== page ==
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UTMB to Study New Approach for Hip Fracture Recovery

Updated 258 days ago

A multimillion dollar grant could help researchers develop a novel therapeutic for women recovering from hip fractures.

The University of Texas Medical Branch at Galveston is part of a consortium of seven universities that has received $15.6 million from the National Institute on Aging for a multisite clinical trial to study the use of testosterone therapy and exercise in post-menopausal women recovering from hip fracture. Dr. Elena Volpi, director of UTMB’s Sealy Center on Aging, is one of the seven principal investigators.

The project will evaluate hip fractures in elderly women and the benefits of short-term testosterone therapy combined with supervised exercise during the recovery process.

Results of the study may help reduce the significant burden of hip fracture now faced by many older women.

“Hip fracture is a major contributor to loss of independence in older women. With this study, we hope to find a novel therapeutic approach to accelerate recovery of physical function and independence in these patients,” Volpi says. 

More than 260,000 hip fractures occur annually in the U.S. Many of those experiencing a fracture also incur a significant functional decline. Many patients also end up dealing with persistent strength and mobility issues that can impair their ability to live independently.

A primary goal of the research funded by the National Institute on Aging is to develop the fundamental knowledge to improve health and reduce the burden of disability.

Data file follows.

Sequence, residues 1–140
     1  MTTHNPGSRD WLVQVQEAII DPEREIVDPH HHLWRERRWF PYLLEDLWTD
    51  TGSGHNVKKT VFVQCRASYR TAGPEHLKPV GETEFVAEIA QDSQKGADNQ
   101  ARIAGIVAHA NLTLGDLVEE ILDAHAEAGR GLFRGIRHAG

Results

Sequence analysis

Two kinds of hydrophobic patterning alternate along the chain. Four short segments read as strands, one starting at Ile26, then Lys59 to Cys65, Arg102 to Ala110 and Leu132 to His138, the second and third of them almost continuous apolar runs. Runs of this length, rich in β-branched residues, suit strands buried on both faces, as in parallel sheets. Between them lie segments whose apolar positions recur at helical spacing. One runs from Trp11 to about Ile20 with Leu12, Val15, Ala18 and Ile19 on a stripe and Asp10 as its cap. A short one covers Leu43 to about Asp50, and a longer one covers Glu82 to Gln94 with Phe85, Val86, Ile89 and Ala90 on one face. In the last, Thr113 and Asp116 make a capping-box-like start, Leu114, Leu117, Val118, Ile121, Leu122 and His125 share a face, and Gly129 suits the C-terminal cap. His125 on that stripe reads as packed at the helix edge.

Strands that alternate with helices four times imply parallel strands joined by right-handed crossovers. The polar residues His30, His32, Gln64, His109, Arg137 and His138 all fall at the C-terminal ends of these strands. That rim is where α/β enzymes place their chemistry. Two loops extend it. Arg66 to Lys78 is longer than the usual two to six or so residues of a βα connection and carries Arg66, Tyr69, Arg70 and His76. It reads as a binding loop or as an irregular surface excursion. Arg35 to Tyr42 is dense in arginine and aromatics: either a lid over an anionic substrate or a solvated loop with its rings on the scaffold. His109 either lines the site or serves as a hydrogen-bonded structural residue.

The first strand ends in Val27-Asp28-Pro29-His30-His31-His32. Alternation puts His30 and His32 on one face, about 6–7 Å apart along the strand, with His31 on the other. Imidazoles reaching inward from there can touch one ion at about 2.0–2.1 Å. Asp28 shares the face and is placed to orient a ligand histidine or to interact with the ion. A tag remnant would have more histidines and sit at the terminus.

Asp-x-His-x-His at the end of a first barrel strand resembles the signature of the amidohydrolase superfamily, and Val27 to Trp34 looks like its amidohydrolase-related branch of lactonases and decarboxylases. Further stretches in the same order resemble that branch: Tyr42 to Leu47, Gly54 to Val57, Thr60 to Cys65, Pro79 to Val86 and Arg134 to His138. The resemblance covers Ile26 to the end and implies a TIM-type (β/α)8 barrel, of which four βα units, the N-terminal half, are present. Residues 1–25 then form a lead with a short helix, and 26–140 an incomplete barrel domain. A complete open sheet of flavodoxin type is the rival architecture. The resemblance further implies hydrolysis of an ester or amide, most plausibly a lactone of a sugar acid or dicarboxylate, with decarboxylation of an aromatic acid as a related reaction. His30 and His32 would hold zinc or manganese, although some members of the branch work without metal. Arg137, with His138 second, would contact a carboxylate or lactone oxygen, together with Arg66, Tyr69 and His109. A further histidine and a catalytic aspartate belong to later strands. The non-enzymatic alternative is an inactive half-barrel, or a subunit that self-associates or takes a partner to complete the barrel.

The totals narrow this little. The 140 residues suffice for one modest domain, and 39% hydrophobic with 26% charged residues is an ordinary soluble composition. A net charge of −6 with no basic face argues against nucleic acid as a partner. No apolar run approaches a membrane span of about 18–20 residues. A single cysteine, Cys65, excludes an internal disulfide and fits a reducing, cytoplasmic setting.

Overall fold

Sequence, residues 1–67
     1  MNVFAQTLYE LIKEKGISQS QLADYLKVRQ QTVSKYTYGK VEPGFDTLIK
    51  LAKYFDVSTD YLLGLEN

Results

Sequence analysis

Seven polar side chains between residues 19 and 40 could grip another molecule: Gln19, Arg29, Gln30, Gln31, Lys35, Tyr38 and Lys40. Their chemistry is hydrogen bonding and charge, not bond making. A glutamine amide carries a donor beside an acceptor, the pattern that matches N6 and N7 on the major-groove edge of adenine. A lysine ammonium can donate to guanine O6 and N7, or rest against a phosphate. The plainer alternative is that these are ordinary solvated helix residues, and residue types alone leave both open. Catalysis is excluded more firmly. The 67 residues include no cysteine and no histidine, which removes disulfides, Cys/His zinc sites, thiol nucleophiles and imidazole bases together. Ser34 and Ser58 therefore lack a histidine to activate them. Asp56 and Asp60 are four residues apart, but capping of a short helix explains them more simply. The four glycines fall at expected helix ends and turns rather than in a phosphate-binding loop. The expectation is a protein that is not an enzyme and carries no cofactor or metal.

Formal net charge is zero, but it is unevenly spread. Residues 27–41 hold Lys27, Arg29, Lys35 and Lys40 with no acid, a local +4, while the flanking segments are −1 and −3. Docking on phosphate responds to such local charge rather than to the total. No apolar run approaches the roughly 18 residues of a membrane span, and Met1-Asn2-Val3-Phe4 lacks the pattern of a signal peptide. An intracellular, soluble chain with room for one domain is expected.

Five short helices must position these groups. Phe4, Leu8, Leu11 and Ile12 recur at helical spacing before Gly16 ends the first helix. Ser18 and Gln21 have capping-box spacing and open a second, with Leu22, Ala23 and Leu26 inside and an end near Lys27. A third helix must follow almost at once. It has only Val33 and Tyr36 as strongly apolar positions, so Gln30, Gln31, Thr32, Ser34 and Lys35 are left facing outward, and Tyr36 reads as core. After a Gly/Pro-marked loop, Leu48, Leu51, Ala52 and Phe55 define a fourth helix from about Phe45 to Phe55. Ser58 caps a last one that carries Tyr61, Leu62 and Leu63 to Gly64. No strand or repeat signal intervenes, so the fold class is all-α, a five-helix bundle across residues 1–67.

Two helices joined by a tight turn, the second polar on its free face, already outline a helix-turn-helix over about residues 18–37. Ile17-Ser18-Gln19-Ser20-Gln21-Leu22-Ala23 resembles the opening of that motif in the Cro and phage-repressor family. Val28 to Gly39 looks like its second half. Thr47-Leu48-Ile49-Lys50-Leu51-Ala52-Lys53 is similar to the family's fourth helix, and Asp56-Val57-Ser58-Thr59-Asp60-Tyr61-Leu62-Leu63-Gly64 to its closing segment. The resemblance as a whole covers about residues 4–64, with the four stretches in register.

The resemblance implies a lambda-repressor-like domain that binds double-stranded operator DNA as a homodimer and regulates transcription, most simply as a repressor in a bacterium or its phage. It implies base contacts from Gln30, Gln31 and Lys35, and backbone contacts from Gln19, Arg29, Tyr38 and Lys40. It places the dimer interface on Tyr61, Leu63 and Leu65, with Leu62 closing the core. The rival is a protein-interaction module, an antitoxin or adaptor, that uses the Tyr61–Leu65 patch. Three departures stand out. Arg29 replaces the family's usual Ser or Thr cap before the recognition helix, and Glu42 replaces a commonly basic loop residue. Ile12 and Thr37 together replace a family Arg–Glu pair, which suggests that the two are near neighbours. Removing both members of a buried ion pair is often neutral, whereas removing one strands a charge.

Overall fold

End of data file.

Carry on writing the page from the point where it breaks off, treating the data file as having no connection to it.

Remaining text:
UTMB’s Sealy Center on Aging focuses on improving the health and well-being of elderly through research, education, and community service.

The other participating institutions are Washington University, Harvard University, University of Maryland, Johns Hopkins University, University of Colorado Denver, and University of Connecticut.

About UTMB Health: 
Texas' first academic health center opened its doors in 1891 and today has three campuses, four health sciences schools, three institutes for advanced study, a research enterprise that includes one of only two national laboratories dedicated to the safe study of infectious threats to human health, a Level 1 Trauma Center and a health system offering a full range of primary and specialized medical services throughout Galveston County and the Texas Gulf Coast region. UTMB Health is an institution in the University of Texas System and a member of the Texas Medical Center. 

Article written by Raul Reyes

Raul Reyes, director of media relations at UTMB, has an extensive background in communications with more than 30 years experience in journalism. Before joining UTMB in 2007, he was an editor at The New York Times and also worked as an editor at the Dallas Morning News and the San Antonio Express-News. When he and his wife, Linda, worked at the Houston Chronicle in the 1980s, they used to dream about living and working in Galveston. Some things do come true. Raul is at UTMB and Linda edits a couple of Dallas magazines from their home in Galveston.

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